I guess, yes, technically there was more than one artist who performed on Sunday at Hangout Fest. Best Coast kicked things off early with an appropriately beachy set (at one point declaring that she’d rename “The Only Place” with the Gulf Shores-appropriate but weirdly unspecific “This Place”), and the Yeah Yeah Yeahs proved to be a highlight as they tore through Mosquito tracks and old favorites alike. But then Stevie Wonder took the stage and made us forget about everything else we’d seen that day.
Wonder played for two-and-a-half hours during his headlining set and didn’t once let up. The legendary Motown singer’s pipes remain pristine—he still hit the same high notes on “For Once in My Life” as a 63 year old that he did at age 18. Wonder made sure to squeeze as much material into the set as possible, playing shorter versions of many songs to make room for hits like “Higher Ground,” “Signed, Sealed, Delivered (I’m Yours)” “Living for the City” “Sir Duke” and “Part-Time Lover.” He’s certainly got more than enough original material to fill up all his time, but Wonder also worked a good amount of covers into the set, including Michael Jackson’s “The Way You Make Me Feel,” a stunning version of John Lennon’s “Imagine” and a reworked version of The Beatles’ “Day Tripper.”
Wonder also led the crowd in an impromptu sing-along of his Paul McCartney duet “Ebony and Ivory” (“My man’s not here right now—I think he’s probably in England somewhere,” he cracked). He frequently instructed audience members to repeat after him and built harmonies by dividing the crowd into male and female voices.
The hits were all there (Wonder closed with an absolutely wicked-sounding “Superstition”), but perhaps what was most affecting was the obvious joy Wonder still gets from performing and the way his music touches even those closest to him. He took a break during the set to tell the story of his daughter Aisha Morris (who sings back-up for him) and her fiance’s recent engagement and dedicated “Isn’t She Lovely?”—which he originally penned to celebrate her birth—to the couple. Morris had to pause mid-song to wipe away tears.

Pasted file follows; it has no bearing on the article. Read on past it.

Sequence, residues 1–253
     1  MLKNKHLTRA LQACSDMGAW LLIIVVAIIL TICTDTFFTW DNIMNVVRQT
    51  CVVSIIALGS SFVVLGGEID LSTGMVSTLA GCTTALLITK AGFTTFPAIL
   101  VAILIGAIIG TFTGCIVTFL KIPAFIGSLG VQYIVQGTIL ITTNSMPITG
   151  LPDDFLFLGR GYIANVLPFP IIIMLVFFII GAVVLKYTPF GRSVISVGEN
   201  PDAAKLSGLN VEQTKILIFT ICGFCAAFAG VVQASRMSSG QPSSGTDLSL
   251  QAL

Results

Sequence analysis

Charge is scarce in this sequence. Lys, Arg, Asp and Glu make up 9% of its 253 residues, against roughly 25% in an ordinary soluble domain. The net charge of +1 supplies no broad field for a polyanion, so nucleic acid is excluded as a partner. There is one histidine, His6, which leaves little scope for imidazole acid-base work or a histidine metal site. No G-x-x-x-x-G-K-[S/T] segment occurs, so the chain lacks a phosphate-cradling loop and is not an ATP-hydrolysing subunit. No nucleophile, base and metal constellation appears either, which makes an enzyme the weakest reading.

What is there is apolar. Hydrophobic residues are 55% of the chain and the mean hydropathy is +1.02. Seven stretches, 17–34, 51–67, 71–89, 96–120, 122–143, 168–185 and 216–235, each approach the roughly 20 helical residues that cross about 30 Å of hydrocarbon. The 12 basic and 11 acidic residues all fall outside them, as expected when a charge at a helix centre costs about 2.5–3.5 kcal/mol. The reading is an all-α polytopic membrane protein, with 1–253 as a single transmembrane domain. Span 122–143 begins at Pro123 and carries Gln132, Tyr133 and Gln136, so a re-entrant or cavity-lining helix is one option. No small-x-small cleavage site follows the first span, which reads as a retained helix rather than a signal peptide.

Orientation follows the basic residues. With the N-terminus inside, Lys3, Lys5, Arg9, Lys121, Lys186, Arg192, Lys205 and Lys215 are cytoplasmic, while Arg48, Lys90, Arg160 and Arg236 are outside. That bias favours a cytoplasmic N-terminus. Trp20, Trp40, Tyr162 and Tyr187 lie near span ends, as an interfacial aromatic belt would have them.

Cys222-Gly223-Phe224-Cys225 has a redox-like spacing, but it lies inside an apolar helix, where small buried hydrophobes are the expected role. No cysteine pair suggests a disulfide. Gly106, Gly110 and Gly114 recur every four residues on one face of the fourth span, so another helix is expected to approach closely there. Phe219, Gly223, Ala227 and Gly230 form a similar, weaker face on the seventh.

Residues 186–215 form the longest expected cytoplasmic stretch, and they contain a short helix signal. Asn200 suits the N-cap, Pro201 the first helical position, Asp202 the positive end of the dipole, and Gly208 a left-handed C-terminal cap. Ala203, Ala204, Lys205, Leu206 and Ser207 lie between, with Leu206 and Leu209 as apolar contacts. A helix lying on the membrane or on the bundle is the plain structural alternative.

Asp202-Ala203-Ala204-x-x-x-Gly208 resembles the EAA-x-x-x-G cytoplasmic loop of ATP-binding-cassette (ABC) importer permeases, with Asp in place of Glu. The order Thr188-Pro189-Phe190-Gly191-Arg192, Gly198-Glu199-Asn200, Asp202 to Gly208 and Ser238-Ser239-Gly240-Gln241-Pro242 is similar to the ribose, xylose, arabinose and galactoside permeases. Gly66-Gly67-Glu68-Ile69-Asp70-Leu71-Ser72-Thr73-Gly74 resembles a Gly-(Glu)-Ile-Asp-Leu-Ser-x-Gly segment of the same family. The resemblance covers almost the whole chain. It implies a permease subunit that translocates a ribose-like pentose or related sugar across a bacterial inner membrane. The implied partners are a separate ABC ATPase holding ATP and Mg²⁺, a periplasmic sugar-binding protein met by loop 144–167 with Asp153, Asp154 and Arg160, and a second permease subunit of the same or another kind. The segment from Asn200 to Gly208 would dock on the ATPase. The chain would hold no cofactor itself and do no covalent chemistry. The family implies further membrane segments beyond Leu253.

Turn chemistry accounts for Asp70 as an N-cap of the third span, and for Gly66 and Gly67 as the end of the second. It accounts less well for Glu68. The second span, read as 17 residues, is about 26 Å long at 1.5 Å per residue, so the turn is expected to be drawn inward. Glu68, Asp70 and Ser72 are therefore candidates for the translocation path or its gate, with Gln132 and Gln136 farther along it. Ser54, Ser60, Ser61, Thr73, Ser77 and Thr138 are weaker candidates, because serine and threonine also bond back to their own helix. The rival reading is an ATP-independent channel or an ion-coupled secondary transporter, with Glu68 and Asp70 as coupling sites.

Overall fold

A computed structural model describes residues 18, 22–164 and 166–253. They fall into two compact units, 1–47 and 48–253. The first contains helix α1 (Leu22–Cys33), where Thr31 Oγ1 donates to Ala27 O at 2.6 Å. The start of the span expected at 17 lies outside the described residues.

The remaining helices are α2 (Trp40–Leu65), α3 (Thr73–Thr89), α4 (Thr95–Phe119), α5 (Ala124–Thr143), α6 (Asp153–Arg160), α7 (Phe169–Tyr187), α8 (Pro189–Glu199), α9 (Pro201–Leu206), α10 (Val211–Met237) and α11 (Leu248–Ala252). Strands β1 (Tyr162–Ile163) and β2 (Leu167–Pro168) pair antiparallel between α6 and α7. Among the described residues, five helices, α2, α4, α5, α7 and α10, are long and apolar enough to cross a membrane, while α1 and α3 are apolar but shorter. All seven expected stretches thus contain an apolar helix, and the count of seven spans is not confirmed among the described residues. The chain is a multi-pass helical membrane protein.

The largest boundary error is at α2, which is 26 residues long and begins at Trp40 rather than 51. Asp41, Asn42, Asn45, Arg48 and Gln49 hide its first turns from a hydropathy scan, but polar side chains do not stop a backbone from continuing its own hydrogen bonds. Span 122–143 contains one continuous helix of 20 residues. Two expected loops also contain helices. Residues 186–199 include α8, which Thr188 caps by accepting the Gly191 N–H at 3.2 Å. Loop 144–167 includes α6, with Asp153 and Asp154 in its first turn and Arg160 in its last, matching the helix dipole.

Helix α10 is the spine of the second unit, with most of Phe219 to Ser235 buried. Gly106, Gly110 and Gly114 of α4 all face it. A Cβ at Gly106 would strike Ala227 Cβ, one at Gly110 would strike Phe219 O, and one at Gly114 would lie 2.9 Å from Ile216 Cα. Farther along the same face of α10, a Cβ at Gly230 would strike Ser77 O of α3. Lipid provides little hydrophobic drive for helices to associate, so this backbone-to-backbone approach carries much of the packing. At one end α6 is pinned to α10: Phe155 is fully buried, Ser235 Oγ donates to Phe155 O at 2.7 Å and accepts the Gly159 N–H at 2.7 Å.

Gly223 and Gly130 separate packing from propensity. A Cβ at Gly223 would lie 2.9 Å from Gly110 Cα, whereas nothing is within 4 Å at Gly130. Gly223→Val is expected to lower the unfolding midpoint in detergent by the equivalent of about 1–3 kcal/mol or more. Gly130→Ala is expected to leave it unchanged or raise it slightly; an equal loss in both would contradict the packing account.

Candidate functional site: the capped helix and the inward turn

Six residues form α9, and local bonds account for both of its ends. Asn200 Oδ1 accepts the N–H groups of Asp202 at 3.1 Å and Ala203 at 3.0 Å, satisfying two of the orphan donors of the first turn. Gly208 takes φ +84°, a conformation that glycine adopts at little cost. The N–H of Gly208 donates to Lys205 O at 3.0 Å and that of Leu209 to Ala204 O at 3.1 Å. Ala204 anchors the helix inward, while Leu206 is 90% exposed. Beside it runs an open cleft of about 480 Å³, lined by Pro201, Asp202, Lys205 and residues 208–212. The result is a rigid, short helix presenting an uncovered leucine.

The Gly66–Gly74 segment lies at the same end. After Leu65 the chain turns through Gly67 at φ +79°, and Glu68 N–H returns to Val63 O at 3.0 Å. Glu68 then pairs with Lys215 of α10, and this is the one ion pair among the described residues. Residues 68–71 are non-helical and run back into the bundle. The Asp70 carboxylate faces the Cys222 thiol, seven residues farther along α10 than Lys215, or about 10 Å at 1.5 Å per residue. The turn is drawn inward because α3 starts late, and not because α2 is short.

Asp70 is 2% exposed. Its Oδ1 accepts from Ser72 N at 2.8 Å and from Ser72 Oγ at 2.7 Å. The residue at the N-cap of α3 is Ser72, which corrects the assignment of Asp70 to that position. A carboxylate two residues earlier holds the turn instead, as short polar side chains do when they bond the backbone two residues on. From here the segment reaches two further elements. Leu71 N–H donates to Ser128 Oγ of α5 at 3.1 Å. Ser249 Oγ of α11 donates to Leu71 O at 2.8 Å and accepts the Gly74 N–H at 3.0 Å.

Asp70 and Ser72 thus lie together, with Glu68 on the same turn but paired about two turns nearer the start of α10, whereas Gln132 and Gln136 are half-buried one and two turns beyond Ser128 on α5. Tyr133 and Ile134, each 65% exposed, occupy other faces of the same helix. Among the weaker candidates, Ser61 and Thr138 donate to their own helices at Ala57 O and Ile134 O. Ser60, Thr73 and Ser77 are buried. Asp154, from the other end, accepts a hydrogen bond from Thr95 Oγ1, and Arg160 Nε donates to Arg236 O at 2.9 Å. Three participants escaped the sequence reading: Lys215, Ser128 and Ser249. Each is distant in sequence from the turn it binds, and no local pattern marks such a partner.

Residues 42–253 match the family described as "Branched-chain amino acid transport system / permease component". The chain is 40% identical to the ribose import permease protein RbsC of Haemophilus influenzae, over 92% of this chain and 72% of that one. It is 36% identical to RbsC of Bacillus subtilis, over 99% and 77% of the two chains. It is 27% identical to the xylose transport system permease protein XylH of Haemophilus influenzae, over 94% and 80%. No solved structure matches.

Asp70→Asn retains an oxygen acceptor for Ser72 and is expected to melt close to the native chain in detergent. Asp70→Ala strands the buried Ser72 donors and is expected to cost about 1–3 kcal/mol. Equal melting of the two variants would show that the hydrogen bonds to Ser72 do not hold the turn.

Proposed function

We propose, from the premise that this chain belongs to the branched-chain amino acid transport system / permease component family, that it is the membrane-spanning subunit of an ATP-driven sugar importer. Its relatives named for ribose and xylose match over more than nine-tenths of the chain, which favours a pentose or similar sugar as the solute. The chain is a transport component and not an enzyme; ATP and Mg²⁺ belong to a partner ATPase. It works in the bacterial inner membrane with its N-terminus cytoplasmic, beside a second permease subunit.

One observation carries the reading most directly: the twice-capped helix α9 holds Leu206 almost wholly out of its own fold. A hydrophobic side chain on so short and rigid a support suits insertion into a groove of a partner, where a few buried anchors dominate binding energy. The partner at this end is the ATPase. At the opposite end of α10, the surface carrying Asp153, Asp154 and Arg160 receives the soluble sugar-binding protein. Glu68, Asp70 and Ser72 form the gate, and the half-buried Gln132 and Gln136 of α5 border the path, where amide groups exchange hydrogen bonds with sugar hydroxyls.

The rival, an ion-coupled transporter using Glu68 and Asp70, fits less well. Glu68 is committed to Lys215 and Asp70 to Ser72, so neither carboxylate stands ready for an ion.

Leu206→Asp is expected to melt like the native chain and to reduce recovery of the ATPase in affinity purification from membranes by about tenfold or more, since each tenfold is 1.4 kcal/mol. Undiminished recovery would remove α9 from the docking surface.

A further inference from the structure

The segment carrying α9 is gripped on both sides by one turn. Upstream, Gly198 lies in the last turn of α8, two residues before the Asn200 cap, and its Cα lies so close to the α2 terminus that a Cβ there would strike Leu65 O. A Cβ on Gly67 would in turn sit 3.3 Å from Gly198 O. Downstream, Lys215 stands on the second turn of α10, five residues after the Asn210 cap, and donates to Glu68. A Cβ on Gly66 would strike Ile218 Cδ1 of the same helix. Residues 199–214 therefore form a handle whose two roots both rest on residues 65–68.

Wonder himself was overcome with emotion at one point: “My mother was born in Alabama,” he told the Gulf Shores crowd before choking up. “Back in her day, they didn’t have any interest in black people in Alabama—they thought they were nothing, so I just want to thank you all so much for giving me the means to make her comfortable in her final years.” Many in the crowd shed tears of their own as he stood near the edge of the stage and wept, soaking up the audience’s cheers of support, finally flashing a grin and saying “OK, enough of that” and carrying on with the show.
Check out photographer Mark C. Austin’s images from the last day of Hangout Fest 2013 in the gallery below.
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Corey Glover with Galactic
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